Devolution creates new troubles. If Chattanooga or Hamilton County were favored in a collapse of national will or solvency and became more an independent city state, problems would touch on the rise of powerful local personalities. Local interest groups would become more powerful. Local elites might create “authoritarian enclaves” that reshape the area’s politics and tax-funding priorities. Weston Wamp would care less for the federal legislature than the county commission. Chattanooga might have more “responsive and participatory” local government, Grindle’s research suggests.
Constitutional basis for localization
Decentralization in the United States is possible, and certainly desirable under the 10th amendment, which avers, “The powers not delegated to the United States by the constitution, nor prohibited to it to the states, are reserved to the states respectively, or to the people.” The ninth amendment makes clear that the constitution’s naming of particular rights “shall not be construed to deny or disparage others retained by the people.”
Activists citing these provisions seek to restore to the people rights and immunities presumptively lost to the national power by its exercise of the welfare and surveillance state. Dan Mitchell proposes dividing the U.S. into two (why not six?) parts. The statist left on one side, the freedom-loving right, as he sees it, on the other. In a “model separation agreement” he lets one section keep the IRS, left-wing judges, the ACLU, Obamacare, wind, Volvos, biodiesel and Hollywood. The other America keeps the NRA, the Bible, greedy CEOs, rednecks, SUVs, the oil industry and doctors.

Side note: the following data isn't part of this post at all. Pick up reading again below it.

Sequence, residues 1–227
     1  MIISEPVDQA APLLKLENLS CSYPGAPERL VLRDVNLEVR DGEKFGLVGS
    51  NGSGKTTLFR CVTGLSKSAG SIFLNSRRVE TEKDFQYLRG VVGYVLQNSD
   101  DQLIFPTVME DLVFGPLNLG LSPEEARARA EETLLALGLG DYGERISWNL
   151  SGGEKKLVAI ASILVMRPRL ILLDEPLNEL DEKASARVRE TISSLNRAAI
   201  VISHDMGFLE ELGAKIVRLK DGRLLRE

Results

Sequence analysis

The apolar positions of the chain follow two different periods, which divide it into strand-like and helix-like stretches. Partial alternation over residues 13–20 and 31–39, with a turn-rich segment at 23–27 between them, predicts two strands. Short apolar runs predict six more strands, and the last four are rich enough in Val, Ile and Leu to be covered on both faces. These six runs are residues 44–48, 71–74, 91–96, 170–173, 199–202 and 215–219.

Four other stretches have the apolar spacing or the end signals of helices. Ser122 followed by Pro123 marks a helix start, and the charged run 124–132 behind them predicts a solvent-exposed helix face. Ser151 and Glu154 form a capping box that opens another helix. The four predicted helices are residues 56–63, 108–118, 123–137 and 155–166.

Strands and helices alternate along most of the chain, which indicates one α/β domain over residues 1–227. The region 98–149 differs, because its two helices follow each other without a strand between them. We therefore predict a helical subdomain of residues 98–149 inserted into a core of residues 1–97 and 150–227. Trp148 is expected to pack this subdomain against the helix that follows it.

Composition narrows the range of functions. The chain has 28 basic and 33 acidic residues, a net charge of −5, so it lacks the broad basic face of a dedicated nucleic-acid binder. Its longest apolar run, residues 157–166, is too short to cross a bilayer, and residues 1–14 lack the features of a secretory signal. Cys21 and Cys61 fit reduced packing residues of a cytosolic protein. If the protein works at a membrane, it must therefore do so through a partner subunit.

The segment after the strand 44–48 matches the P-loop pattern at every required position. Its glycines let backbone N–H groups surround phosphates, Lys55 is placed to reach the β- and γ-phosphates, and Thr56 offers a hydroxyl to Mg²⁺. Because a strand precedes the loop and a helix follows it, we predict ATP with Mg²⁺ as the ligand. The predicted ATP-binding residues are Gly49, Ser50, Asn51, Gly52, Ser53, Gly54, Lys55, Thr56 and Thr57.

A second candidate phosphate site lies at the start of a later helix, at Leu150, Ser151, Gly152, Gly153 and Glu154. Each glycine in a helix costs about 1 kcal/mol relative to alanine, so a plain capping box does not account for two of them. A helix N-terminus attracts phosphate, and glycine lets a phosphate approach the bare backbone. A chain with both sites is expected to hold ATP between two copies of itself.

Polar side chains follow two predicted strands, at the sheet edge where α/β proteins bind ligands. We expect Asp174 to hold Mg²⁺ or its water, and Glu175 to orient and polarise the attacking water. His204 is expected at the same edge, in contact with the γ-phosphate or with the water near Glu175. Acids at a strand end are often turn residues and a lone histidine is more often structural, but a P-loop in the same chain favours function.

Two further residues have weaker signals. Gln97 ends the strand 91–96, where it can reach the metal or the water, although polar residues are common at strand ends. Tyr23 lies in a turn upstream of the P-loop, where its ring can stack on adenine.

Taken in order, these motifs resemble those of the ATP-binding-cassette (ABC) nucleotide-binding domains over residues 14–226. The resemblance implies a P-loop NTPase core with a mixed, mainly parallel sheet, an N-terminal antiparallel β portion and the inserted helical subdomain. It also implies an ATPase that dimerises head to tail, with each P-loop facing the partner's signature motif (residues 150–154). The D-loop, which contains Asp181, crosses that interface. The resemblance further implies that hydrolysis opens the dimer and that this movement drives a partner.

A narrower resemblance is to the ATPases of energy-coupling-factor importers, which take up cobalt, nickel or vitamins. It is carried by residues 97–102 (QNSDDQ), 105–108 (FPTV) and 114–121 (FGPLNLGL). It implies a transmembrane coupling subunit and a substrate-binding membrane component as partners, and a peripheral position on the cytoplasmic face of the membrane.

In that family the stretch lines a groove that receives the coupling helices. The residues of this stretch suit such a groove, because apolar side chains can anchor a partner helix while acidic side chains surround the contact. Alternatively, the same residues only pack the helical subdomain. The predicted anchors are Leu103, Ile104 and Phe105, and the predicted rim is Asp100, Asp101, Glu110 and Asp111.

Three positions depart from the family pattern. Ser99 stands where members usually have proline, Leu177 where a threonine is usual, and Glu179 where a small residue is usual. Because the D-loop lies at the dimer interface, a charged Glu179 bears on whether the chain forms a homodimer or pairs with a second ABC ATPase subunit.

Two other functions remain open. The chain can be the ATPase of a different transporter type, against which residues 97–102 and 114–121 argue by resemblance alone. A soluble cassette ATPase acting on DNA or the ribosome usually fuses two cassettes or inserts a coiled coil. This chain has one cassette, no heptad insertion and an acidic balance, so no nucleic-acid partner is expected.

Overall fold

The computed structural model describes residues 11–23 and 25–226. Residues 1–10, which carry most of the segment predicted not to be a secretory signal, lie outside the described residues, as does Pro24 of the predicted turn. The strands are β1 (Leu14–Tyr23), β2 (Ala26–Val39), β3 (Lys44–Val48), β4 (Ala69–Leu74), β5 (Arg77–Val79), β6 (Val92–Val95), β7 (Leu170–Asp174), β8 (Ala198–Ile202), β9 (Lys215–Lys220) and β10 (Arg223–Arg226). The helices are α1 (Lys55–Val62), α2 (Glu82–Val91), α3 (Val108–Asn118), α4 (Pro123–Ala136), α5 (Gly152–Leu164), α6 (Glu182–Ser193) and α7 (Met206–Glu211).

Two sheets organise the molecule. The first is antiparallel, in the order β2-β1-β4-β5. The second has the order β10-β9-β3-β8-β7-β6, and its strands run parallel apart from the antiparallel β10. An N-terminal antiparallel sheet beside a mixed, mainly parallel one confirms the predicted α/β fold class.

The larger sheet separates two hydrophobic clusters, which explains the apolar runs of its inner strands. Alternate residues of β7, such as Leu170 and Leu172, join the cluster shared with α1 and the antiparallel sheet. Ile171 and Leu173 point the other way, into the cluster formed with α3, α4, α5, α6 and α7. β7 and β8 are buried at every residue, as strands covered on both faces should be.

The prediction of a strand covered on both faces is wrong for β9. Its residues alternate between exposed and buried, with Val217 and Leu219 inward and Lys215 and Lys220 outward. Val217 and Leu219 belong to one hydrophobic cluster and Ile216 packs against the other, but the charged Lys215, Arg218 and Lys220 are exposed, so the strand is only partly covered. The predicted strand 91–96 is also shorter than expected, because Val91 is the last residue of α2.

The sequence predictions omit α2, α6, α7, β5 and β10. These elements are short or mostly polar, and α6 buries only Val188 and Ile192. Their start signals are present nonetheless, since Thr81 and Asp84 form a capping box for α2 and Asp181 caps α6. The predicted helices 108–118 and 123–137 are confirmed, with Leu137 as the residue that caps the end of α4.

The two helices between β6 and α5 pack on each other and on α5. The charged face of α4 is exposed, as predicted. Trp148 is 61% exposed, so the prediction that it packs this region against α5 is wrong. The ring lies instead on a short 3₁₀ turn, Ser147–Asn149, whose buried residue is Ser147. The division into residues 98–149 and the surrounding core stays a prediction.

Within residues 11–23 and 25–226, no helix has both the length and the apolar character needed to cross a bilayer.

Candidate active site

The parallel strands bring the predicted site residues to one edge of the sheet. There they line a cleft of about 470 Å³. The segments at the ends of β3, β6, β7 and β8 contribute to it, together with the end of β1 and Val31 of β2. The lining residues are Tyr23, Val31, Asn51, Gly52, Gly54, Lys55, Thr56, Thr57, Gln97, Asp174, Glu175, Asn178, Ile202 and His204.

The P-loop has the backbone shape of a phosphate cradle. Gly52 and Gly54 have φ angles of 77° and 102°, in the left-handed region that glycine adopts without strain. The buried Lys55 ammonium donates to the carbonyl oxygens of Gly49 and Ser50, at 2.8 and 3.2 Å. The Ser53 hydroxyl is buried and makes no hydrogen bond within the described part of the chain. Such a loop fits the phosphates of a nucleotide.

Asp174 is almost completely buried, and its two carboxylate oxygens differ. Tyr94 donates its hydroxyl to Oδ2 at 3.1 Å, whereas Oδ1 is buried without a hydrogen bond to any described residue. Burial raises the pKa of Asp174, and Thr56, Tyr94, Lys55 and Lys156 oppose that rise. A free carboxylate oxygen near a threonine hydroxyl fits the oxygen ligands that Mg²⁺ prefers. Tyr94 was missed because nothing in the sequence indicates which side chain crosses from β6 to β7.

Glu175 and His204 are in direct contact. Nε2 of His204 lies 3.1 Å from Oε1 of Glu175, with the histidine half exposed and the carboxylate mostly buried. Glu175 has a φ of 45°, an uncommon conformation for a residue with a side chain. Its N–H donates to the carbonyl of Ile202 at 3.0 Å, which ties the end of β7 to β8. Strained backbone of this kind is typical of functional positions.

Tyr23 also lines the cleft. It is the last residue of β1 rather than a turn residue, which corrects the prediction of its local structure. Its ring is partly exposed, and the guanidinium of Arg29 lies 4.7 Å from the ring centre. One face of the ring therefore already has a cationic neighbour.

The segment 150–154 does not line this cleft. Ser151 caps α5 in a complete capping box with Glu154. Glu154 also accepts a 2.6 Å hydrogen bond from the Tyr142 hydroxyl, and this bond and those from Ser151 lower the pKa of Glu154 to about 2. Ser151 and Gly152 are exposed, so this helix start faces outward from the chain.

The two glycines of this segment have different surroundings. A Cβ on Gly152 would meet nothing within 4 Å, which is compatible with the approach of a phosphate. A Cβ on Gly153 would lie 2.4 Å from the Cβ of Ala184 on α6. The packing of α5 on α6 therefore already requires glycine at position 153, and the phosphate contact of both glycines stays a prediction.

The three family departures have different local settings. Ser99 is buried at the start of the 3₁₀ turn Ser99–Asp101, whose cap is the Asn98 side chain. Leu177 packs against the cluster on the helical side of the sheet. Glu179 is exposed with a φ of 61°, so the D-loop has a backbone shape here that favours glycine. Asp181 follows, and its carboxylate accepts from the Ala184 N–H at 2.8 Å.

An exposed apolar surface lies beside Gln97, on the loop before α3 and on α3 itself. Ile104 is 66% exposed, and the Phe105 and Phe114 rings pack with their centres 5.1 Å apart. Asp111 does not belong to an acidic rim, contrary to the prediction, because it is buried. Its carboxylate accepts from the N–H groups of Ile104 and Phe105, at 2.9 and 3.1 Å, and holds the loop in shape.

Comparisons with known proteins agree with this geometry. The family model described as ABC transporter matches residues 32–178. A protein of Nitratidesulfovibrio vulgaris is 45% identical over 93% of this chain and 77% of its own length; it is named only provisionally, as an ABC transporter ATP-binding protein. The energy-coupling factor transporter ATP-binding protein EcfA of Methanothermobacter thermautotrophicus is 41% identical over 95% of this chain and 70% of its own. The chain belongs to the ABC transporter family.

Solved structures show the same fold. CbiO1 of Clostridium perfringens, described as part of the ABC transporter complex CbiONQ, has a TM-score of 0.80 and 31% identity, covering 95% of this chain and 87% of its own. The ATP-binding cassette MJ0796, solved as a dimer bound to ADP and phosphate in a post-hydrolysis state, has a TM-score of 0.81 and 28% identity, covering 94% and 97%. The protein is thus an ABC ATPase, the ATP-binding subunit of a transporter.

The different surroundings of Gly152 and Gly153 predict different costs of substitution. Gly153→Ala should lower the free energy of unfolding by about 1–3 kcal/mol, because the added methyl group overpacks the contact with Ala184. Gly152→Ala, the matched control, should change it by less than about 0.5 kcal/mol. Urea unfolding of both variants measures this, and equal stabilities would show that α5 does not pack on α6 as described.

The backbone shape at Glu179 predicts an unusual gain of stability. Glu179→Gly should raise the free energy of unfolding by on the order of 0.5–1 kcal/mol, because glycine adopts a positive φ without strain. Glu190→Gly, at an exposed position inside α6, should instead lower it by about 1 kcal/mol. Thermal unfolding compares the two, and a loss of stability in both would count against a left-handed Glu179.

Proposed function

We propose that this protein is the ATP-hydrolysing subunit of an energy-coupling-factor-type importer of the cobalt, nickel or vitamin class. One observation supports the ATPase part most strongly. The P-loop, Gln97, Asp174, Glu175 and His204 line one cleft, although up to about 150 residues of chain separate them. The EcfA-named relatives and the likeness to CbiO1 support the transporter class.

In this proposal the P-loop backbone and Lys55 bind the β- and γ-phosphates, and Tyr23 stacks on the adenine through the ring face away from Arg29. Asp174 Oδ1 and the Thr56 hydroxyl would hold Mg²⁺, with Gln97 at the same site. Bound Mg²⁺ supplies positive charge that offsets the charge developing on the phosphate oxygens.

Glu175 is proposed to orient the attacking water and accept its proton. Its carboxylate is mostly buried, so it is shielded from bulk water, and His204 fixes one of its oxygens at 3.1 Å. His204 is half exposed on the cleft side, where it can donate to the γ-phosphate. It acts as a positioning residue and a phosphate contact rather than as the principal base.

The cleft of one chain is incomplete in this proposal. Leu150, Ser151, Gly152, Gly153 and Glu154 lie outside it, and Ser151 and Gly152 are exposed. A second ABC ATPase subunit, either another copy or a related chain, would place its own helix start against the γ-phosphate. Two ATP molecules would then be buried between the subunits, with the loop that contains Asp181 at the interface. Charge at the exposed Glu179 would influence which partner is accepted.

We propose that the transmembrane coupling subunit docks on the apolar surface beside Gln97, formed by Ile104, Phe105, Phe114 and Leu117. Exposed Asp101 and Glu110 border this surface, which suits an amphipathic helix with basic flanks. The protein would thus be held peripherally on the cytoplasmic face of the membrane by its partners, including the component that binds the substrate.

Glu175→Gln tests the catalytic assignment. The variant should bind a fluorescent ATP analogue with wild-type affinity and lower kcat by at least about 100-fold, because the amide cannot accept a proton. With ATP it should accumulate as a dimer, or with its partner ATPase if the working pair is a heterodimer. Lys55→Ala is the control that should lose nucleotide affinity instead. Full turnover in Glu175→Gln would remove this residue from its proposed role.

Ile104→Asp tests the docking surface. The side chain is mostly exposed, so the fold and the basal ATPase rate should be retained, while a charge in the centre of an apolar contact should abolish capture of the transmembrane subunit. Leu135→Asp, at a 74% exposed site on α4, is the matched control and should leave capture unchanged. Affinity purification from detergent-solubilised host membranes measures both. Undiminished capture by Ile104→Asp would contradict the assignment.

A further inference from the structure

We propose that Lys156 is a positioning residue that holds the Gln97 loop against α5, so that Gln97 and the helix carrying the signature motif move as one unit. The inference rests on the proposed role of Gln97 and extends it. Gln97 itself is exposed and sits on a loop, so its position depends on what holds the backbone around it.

All in fun, of course, But the fault lines are great. The people are no longer represented in congress, with local Rep. Chuck Fleischmann representing 632,000 people. Divisions in culture and religion are becoming more violent as they become politicized. If the high court rejects federalism in a redefinition of marriage to suit homosexuals, it will greatly increase the sense of oppression many people in conservative states feel, perhaps pushing them toward a breaking point.
To get ahead of this trend, Chattanooga and Hamilton County elected officials should think in the direction of decentralization and increasing local autonomy so that the county might declare itself a tax-free trade zone, leading to a tripling of the population in a place that is a haven to entrepreneurs, investors, artists and business operators.
Sources: Daniel J. Mitchell, “Ukraine, Ethnic Division, Decentralization, and Secession,” Forbes.com/sites/danielmitchell, March 3, 2014. Also, “The American Right Asks the Left for a Divorce,” Jan. 18, 2011 on his website.
“Political Decentralization,” World Bank.org
Merilee S. Grindle, Going Local: Decentralization, Democratization, and the Promise of Good Governance (Princeton: Princeton University Press, 2009). Chapter 1 is online.